Few things matter more to Wall Street than
policy, which ultimately determines the cost of capital and, by extension, how much risk investors are willing to take. In the wake of the robust March employment report on April 1, you'll recall, many market participants began to quickly
unwind aggressive bets in various markets.
Fed fund futures are still pricing in over 90% odds of a 25-basis-point rate hike at the Fed's next scheduled policy meeting on June 30. But concerns about a more aggressive Fed have declined significantly in the face of some middling economic data, including this week's new-home sales, durable goods and consumer confidence data, as well as last week's weaker-than-expected reports on housing starts, index of leading economic indicators and the Philadelphia Fed Index.
"The recovery is now quite resilient to shocks, and a new recession is therefore quite unlikely this year," Anirvan Banerji, director of research at the Economic Cycle Research Institute and
contributor, said in an email exchange. "Still, growth is likely to decelerate, after accelerating since the end of the Iraq war." (As reported
here, ECRI believes the current above-trend growth of 4.5% to 5% is likely to start moderating back toward the economy's long-term trend of 3% to 3.5% growth.)
Granted, first-quarter GDP was revised up on Thursday to 4.4% from 4.2% originally. But the personal consumer expenditures index, or PCE -- purportedly one of Alan Greenspan's favorite inflation measures -- was revised down to 3% from 3.2%, and the core PCE was revised down to 1.7% from 2%.
"The market had assumed a much faster pace of tightening than what's occurring now" in terms of expectations, said Liz Ann Sonders, chief investment strategist at Charles Schwab. "
Thursday's news in particular with the revision down to PCE inflation
and some hope oil prices might wane a bit" -- crude futures fell 0.7% to $39.16 Thursday -- "are the behind action in stocks and bonds," among other financial indicators suggesting an unwinding of tightening fears that only recently consumed Wall Street.
Stock proxies have been rebounding from their mid-May lows, with the Dow Jones Industrial Average rising 0.9% Thursday while the S&P 500 gained 0.6% and the Nasdaq Composite climbed 0.4%.
Since peaking at 4.86% on May 13, yields on the 10-year Treasury have fallen 26 basis points. On Thursday, the price of the benchmark note rose 14/32, its yield falling to 4.60%.
After jumping $6.70 to $396.10 per ounce Thursday, gold futures have now risen 6.7% since hitting a seven-month low of $371.30 on May 10.
The dollar, which had rallied on expectations the Fed would narrow the differential between the fed funds rate and other global lending rates, has weakened recently and slumped Thursday, hitting multi-month lows vs. the euro, yen, Swiss franc and British pound.
"With most of the rising rates scenario already priced into the market, falling yields have allowed stocks, bonds, gold and foreign currencies to rally over the past two weeks as liquidity has returned to the market," commented Jes Black, currency analyst at MG Financial Group. "It appears that the reflation trade of 2003, which began to unravel in March, might see a multiweek comeback."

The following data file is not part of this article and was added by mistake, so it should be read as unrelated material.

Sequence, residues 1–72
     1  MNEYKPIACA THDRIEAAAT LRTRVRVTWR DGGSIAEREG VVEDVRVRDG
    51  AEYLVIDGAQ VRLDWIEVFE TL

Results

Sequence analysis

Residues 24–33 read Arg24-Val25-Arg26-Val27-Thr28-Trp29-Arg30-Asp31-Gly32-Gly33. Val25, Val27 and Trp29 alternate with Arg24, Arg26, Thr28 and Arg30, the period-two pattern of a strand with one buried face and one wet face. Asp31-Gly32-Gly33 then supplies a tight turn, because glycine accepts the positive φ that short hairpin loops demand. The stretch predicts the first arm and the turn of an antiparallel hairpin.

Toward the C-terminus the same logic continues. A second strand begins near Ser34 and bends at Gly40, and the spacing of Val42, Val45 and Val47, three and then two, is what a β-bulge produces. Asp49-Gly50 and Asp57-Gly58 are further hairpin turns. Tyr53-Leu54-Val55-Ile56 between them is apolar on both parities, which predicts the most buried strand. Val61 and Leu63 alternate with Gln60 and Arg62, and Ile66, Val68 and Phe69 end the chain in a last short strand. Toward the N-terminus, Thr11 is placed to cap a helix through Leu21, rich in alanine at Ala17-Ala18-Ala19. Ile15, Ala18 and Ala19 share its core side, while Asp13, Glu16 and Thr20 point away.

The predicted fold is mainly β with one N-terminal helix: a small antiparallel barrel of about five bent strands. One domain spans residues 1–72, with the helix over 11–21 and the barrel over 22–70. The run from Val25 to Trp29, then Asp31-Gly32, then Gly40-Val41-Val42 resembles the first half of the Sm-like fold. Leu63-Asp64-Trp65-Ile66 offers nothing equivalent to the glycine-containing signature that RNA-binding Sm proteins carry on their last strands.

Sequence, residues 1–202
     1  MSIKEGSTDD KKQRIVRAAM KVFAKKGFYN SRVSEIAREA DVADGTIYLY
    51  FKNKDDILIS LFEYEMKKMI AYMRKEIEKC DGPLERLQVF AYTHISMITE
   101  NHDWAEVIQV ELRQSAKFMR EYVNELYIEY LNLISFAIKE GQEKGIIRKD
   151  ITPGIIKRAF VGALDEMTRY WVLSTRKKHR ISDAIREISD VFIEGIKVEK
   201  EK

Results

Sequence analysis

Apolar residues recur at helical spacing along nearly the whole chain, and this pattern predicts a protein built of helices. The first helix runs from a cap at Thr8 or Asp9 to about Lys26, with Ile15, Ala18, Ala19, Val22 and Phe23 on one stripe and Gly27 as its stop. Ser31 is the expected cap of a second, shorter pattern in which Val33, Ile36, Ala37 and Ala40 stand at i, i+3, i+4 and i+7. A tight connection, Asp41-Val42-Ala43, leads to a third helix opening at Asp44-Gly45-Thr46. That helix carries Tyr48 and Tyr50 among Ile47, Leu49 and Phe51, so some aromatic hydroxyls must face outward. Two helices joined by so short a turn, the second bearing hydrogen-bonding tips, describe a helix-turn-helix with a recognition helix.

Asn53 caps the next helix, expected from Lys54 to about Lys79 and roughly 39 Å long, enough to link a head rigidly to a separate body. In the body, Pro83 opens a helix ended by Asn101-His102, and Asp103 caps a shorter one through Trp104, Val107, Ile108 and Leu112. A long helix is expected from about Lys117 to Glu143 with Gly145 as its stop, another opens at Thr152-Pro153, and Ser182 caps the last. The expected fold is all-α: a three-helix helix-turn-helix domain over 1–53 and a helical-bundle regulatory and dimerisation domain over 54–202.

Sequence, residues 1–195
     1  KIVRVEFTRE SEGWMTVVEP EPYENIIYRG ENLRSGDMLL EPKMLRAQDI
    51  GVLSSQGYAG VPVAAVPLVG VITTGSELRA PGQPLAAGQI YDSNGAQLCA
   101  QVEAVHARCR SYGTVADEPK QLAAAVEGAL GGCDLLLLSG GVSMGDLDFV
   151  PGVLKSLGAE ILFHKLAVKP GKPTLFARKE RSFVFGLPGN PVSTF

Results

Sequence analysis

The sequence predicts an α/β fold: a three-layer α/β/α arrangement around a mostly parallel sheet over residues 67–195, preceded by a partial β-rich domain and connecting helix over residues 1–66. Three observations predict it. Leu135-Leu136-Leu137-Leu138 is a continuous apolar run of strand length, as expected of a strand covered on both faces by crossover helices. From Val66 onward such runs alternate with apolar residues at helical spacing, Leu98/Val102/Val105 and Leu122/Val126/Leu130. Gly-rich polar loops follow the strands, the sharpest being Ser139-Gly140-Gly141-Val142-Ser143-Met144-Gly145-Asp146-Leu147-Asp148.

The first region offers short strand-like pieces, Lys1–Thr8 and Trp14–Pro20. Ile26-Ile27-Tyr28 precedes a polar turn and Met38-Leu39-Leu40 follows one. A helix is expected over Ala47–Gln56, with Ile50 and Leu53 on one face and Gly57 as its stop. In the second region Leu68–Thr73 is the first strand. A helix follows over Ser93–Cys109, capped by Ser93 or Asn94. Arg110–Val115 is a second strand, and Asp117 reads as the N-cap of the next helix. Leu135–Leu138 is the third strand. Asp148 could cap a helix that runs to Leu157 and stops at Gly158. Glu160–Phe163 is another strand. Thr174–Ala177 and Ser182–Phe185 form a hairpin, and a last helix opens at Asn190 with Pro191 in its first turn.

To update what I wrote
Wednesday: If consensus comes around to a more benign view of the Fed, Thursday's rally will very likely continue, and almost certainly, many traders will grasp for more aggressive/speculative names.
Notably, the recent equity market advance has been paced by higher beta (or more speculative names), including Chinese Internet stocks such as
and domestic security plays such as
Magal Security Systems
. There has also been renewed interest in previously suffering tech and telecom heavyweights such as
Of course, recent market action might merely be a reversal from the market's arguable overreaction to prospects of Fed tightening, exacerbated by the quasi-holiday atmosphere this week. Notably, Fed Governor Ben Bernanke said last week: "The good news is that, because of the impact of private-sector expectations about policy on long-term rates, a significant portion of the financial adjustment associated with the tightening cycle may already be behind us."
More crucially, however, Bernanke also said "the flareup in inflation in the first quarter is a matter for concern," and the
Fed's pledge to adjust policy in a "measured" fashion was "not an unconditional commitment."
Meanwhile, inflation pressures are in a cyclical upturn, according to Banerji.
The so-called break-even rate for Treasury Inflation Protected Securities (also known as TIPS) suggests -- for the first time since their introduction -- that "the market believes that inflation will be higher over the next 10 years than it was over the last 10," according to Bianco Research in Chicago. "In other words, the market believes that a secular change in the direction of inflation, from down to up, is taking place."
Notably, personal income was revised up in both the first- and fourth-quarter GDP reports; faster wage gains would remove one of the Fed's most powerful arguments for "measured" tightening.
In sum, it's premature to declare the tightening scare to be over, or even overdone. But until next Friday's employment report for May -- which will likely cement expectations, either way, for the June 30 Fed meeting -- the financial markets' upward trajectory is likely to continue amid diminishing fear of the Fed.